LinkedIn joined the fray of programmatic offerings, which is great news for B2B advertisers who rarely have good options for targeting. With these display ads, you can target the largest professional audience based on intent or personas – but more on targeting options later. In terms of ad creative, it’s your run-of-the-mill display ads. Marketers can choose their preferred demand-side platform or trading desk and buy inventory through open or private auctions.
LinkedIn Dynamic Ads
LinkedIn’s new dynamic ads are basically as personalized as you can get on this platform. Advertisers can choose to promote job postings, content downloads, their own company page, or drive traffic to a website via spotlight ads, which also appear on the newsfeed. This ad type also has set templates and auto-translation options to make personalizing the ad creative easy for you.
Plot twist: Elevate is not an ad, per say, but it is an advertising solution. Elevate is a platform that a company can pay for their employees to become brand advocates. Basically, it makes it easier for your marketing or sales team to control or suggest content that your employees share on LinkedIn. Should employees be sharing your suggested content anyway? Probably. But this spoon-feeds posts and moves the needle – my company saw three hires learn about us from Elevate posts and had $20k+ in earned media!
LinkedIn Advertising Costs
Like other platforms, LinkedIn advertising costs are determined by your bids and budgets. This means that your overall ad spend will vary depending on your business and your goals, because this determines the types of ads that you choose for your campaigns and the budgets that you set.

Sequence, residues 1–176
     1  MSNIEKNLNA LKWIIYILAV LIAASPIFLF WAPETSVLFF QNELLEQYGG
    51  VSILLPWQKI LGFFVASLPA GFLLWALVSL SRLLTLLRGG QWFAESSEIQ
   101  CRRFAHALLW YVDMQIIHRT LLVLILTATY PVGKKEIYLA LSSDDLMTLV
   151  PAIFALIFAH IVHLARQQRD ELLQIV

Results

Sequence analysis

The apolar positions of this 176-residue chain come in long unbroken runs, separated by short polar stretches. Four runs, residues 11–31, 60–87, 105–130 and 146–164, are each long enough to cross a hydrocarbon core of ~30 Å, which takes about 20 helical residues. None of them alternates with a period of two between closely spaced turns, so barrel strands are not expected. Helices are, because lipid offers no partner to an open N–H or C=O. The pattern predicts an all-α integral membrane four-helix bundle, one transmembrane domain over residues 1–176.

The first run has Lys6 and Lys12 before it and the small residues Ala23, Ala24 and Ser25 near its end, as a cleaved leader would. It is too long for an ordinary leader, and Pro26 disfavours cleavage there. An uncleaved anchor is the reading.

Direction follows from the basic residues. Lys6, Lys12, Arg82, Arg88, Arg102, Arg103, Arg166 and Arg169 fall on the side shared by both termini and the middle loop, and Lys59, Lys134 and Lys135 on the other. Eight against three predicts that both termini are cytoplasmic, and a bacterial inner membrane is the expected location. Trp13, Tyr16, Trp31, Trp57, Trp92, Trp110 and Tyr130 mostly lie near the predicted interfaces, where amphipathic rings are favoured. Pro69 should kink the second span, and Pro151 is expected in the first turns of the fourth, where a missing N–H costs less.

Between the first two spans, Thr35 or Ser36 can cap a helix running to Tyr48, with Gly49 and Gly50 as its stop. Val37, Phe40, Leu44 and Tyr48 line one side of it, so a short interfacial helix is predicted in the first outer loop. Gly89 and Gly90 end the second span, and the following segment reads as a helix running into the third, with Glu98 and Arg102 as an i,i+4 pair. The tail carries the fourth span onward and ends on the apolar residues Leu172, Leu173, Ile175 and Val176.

However, the platform does have a few minimums that all advertisers must spend:
- $10 daily budget per campaign
- $10 total budget per campaign (an optional feature for Sponsored Content)
- $2 bid for CPC or CPM on Text Ad campaigns
LinkedIn also has a minimum bid for Sponsored Content campaigns, but the exact for this ad will depend on the audience that you’re targeting. Which brings us to…
Now, this is where advertising on LinkedIn gets exciting. The targeting on this social platform is better than most. It’s usually regularly updated and thorough, because professionals like to brag about all of their promotions and achievements. Members contribute their own job titles, company names, seniority, professional interests, and more. With over 500 million members consisting of 73 million senior-level influencers and 45 million decision makers, it’s extremely likely your ad is going to land in front of the right eyeballs.